South Africa's North West Premier Quits After Protests
(Bloomberg) -- Supra Mahumapelo stepped down as premier of South Africa’s North West province five weeks after violent protests erupted against his leadership in the region.
While Mahumapelo’s decision to quit his government post will help President Cyril Ramaphosa assert his authority over the province, he remains chairman of the ruling African National Congress in the North West. Mahumapelo opposed Ramaphosa’s bid to win the election as ANC leader in December.
Mahumapelo told reporters at the ANC’s headquarters in Johannesburg on Wednesday that he’s going on “early retirement” because he didn’t want to obstruct a series of graft probes in the province and he didn’t expect to be given another post.
“Those investigations have to continue. I am also accused in the process,” he said. “If they take place in my presence there will be an accusation that I am using the office also to protect myself. ”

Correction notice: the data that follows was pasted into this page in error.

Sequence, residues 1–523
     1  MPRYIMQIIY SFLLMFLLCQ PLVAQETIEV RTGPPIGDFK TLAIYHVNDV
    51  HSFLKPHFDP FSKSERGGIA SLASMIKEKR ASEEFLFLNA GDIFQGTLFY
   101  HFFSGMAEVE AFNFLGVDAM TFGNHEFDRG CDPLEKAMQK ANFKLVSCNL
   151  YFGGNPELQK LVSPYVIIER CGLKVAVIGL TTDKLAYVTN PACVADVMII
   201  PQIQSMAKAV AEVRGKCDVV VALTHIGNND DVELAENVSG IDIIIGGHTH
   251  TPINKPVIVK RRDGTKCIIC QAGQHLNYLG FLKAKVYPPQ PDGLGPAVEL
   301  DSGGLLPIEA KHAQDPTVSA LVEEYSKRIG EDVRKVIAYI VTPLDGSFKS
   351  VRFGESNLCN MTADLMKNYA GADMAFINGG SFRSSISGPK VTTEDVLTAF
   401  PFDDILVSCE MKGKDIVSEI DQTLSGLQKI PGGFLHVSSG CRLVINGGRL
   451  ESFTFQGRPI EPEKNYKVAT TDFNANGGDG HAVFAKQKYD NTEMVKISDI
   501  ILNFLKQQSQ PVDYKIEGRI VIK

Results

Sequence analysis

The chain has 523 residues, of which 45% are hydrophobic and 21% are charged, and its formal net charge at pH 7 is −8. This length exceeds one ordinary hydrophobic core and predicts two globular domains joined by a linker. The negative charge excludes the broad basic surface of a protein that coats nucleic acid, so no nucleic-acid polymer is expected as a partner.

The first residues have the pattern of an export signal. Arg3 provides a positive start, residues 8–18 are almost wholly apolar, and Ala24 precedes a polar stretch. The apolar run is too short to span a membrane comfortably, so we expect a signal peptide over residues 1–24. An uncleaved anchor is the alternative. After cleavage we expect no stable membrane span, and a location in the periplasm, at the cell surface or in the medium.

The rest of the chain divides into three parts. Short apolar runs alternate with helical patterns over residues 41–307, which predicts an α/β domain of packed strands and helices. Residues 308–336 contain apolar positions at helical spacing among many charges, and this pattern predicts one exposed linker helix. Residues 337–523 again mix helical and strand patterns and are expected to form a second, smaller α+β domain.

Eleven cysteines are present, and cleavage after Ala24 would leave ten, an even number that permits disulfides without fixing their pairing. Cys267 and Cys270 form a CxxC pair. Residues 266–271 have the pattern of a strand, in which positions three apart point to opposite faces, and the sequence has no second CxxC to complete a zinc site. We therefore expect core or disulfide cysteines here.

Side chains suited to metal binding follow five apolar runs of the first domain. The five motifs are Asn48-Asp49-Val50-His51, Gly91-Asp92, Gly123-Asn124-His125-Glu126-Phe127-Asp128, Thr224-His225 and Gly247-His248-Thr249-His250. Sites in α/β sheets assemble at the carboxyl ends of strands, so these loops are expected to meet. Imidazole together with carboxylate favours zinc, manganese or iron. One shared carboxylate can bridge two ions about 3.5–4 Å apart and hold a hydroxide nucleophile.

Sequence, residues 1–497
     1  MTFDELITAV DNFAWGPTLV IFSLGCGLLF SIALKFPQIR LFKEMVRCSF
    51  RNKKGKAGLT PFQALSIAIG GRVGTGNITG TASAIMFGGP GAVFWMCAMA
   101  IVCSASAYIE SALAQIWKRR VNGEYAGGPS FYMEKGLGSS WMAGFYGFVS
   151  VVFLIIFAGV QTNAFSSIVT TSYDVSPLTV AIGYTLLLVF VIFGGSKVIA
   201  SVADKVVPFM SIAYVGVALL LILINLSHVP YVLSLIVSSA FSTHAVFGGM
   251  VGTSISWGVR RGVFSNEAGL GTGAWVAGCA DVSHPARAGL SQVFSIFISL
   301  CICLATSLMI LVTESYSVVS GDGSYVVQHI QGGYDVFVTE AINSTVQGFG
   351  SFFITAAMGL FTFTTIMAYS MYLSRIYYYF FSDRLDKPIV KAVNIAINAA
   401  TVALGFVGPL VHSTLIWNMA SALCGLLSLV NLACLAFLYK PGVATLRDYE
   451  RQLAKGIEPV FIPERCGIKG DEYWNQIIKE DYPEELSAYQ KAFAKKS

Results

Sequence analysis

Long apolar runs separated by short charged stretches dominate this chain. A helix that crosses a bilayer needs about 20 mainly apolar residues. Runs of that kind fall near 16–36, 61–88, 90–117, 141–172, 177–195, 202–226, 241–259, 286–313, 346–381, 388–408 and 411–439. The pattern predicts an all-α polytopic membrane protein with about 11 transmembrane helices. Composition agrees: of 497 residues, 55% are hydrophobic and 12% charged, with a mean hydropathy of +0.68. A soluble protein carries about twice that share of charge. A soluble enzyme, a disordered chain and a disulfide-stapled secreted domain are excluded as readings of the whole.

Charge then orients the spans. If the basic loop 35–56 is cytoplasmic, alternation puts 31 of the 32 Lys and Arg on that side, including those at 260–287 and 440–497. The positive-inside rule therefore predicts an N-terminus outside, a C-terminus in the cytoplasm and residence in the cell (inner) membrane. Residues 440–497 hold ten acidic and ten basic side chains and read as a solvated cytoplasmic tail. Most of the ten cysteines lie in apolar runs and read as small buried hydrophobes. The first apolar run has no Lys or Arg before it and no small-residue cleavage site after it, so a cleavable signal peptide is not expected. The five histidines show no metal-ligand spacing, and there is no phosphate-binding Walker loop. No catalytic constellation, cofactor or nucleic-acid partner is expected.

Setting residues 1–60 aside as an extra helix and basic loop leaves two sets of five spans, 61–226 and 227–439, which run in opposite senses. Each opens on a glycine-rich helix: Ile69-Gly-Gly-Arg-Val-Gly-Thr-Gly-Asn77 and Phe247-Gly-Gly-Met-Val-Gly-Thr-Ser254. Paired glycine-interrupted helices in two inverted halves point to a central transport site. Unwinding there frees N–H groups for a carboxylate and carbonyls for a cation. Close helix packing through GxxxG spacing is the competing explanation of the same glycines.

Mahumapelo is a close ally of Jacob Zuma, who was forced to resign as the nation’s leader in February. Disgruntlement with the premier’s leadership mounted over his handling of the graft allegations and the sidelining of his ANC rivals in the North West. He went on leave May 9, and four days later the national government took control of the province.
Irregular spending in the North West surged by 600 percent over three years, according to Treasury Director General Dondo Mogajane. South Africa’s special police unit known as the Hawks said it raided Mahumapelo’s offices in March in connection with alleged maladministration, fraud and corruption amounting to about 160 million rand ($13 million). He denies any wrongdoing.
The ANC welcomed Mahumapelo’s resignation, saying it would help unite the party, which is due to contest national elections next year.
“We are grateful that comrade Supra has made this decision,” Jessie Duarte, the ANC’s deputy secretary-general, told reporters. “It is time to move forward.”
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